April 24, 2013

Open Enrollment May Provide Alternatives to Long Wait for Insurance Payments

By Monica M. Walk

OPEN ENROLLMENT may provide the antidote to some University employees’ health insurance woes.

UIC EMPLOYEES enrolled in the Quality Care Health Plan (QCHP) have been experiencing significant delays in payments to healthcare providers, leading some healthcare providers to demand payment for services up front. Having to pre-pay out of pocket for covered services means employees are the ones left waiting months for reimbursement.

“IT’S NOT new,” said Human Resources Administration Director Katie Ross, Ed.M., PHR, University Human Resources, of the late payments. “It’s a function of the State’s dire funding situation, and has been going on for a few years regarding payment from some medical plans. The longer it goes on, the more of an issue it becomes. People can accept it for a while, but the longer it goes on the less able people are to wait for reimbursement.”

QUALITY CARE health and dental plans are experiencing the most significant delays in the State Employees’ Group Insurance Program. The Department of Central Management Services (CMS) has a website reporting payment release dates to providers, which shows claims dated approximately a year ago are now being processed and paid. The site has been reporting such delayed payment release dates since 2009.

Other Options
BUT, THERE are other health care plans and other options for employees, Ross said.  Employees can make plan changes only once annually during open enrollment. UIC annual open enrollment for health care benefits begins Wednesday, May 1 and ends Friday, May 31; plan choices are effective July 1.

ROSS ADVISES employees to review their health care needs now to determine if they have flexibility on health care providers, which makes it easier to switch to another plan option.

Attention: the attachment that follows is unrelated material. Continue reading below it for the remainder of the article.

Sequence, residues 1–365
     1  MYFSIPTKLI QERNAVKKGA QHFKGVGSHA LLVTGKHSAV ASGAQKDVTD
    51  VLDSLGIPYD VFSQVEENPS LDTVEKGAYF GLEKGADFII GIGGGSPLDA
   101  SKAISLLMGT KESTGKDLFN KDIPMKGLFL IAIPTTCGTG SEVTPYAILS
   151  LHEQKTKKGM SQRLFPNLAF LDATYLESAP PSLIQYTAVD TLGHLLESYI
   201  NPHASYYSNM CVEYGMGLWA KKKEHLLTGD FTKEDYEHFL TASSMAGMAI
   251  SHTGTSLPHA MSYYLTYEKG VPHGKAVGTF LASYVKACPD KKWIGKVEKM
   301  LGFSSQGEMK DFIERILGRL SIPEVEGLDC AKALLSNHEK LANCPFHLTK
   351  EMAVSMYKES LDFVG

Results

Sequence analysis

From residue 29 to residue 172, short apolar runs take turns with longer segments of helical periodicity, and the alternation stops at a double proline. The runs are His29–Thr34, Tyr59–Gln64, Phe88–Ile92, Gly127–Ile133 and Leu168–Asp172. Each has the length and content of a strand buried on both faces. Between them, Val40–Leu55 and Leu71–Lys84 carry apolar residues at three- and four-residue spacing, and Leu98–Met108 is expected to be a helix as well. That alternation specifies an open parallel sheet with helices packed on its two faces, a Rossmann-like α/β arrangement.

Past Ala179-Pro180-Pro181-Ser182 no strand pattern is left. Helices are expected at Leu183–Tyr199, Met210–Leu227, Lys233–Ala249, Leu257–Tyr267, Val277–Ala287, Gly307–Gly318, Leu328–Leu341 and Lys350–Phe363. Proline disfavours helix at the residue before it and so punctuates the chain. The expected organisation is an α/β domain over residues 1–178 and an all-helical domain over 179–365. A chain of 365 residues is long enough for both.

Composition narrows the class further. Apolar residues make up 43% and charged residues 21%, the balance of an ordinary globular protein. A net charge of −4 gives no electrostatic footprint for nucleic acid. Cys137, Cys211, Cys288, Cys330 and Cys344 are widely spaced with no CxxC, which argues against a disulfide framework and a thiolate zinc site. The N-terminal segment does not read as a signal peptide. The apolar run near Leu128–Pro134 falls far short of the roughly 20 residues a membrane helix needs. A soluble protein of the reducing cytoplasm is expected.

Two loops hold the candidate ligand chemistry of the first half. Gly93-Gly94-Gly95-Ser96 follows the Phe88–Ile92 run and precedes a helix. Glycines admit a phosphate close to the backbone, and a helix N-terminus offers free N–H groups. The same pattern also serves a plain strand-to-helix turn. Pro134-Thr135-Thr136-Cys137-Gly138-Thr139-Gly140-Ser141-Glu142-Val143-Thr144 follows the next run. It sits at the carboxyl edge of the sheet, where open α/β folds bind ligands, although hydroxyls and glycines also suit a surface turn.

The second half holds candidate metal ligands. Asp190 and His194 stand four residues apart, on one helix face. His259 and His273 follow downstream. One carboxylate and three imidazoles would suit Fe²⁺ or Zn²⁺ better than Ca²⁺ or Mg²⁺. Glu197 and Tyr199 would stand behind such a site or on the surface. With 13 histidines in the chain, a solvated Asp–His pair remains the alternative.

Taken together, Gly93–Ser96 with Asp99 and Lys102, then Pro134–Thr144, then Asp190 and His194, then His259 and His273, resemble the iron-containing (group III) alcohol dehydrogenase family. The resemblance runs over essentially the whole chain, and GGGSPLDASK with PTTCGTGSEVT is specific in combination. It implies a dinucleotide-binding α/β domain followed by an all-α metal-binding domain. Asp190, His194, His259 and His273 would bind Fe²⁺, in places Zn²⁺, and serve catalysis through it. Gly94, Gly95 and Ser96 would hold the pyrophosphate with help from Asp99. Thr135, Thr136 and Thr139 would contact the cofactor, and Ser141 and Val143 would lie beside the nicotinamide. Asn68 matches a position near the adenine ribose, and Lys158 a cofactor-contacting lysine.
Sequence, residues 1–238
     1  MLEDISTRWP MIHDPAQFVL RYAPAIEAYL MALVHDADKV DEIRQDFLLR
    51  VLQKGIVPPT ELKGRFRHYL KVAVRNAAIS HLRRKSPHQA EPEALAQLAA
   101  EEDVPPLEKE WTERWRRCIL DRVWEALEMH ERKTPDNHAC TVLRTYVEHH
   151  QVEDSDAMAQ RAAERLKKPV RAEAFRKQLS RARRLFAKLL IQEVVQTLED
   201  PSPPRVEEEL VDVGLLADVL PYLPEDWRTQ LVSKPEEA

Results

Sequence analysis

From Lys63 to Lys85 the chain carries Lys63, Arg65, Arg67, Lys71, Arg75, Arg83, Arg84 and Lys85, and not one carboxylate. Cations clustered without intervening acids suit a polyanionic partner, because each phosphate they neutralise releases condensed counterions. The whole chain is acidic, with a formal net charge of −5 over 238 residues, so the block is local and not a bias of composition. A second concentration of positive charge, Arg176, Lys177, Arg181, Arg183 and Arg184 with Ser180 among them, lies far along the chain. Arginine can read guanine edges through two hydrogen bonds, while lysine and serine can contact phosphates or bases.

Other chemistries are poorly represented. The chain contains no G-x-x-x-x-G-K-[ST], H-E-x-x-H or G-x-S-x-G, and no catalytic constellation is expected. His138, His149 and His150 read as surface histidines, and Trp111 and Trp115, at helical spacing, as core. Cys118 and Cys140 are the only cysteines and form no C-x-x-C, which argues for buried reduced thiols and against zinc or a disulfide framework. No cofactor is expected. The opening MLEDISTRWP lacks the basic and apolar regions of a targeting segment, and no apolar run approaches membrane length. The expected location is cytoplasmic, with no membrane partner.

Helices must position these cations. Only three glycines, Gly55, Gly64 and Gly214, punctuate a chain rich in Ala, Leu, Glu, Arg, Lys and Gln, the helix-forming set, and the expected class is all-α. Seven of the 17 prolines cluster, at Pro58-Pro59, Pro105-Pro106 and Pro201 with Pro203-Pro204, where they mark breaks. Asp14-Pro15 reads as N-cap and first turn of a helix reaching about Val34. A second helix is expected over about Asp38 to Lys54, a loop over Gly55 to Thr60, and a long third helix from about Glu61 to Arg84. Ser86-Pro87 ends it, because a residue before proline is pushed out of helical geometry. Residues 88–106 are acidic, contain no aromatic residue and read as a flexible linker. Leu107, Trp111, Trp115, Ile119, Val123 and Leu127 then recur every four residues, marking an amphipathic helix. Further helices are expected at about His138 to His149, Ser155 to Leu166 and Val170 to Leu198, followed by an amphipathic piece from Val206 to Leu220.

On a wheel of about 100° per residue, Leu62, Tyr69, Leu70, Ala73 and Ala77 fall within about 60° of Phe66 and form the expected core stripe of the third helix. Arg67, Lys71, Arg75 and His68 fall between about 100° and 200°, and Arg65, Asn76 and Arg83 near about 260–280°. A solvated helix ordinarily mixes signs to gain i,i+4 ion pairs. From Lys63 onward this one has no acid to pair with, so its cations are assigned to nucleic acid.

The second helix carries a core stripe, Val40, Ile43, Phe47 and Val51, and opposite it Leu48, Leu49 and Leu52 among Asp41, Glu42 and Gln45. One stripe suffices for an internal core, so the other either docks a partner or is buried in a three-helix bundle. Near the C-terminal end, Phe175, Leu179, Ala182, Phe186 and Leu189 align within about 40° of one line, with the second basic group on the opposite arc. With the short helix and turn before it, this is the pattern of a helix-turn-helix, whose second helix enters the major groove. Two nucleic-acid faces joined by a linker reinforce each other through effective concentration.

“ALMOST ALL counties have at least one HMO option, and they are not experiencing the same payment issues,” Ross said.  “In the HMO, a co-pay is paid up front and the healthcare provider waits for payment from the State. There is less burden on the employee.”

IN AN HMO, a primary care provider directs all care, including referrals to specialists.  Ross acknowledges that some people don’t like this system. “Some people require the services of specific doctors for their personal health issues,” she said.

EVERY COUNTY also has an Open Access Plan (OAP), which offers a tiered benefit structure. “It’s a newer option, and combines the best of HMOs and Quality Care,” Ross said. 

THE OAP generally offers three tiers of benefits, and users pay based on which tier the practitioner is in. Tier One is most similar to an HMO with a co-pay and can be very attractive to employees, Ross commented. Tiers Two and Three offer the flexibility to see out-of-network providers at a higher out-of-pocket cost similar to Quality Care.  But unlike in a traditional HMO, OAP enrollees can go to a specialist without a referral.

It’s the Law
STATE LAW requires University employees to participate in State group health plans, Ross noted, making self-insurance and other insurance options impossible. “We are locked into it,” she said. Students are exempt from the law and have separate coverage.

EMPLOYEE DENTAL coverage under the Quality Care Dental Plan is also having similar payment delays. 

“THE STATE has only one dental plan, so there is no opportunity to switch,” Ross said.  “You are either in or out. But dentists are approaching the situation in a variety of ways and some will wait for reimbursement. Others won’t wait and will require payment of the full amount for services up front, and the employee will have to wait for reimbursement.  Employees may want to shop around for a network dentist who doesn’t require payment up front.”

CMS Advocacy
EMPLOYEES WHO find themselves in financial hardship due to payment delays or up-front payment requests for major medical services are urged to contact CMS. “CMS has been very helpful in coordinating with providers and will advocate on employees’ behalf,” Ross said.

CONTACT DETAILS, including the CMS online form to report hardship, are available from the HR NESSIE website. Links from http://illinois.edu/blog/view/1418/90794 contain especially useful information.

“THE UNIVERSITY certainly empathizes with employees,” Ross said.  “We HR and Benefits representatives are in the same health care plans and are experiencing the same issues. It is an unfortunate situation created by the State funding situation.”

OPEN ENROLLMENT vendor fairs are being held in April and May; see http://www2.illinois.gov/cms/Employees/benefits/StateEmployee/Documents/FY%202014%20Benefit%20Fairs.pdf for location details. University benefits services centers also are located on each campus and benefits specialists are available to help employees navigate benefits choices.

FOR MORE information, call (312) 996-6471 or email benefits@uillinois.edu.

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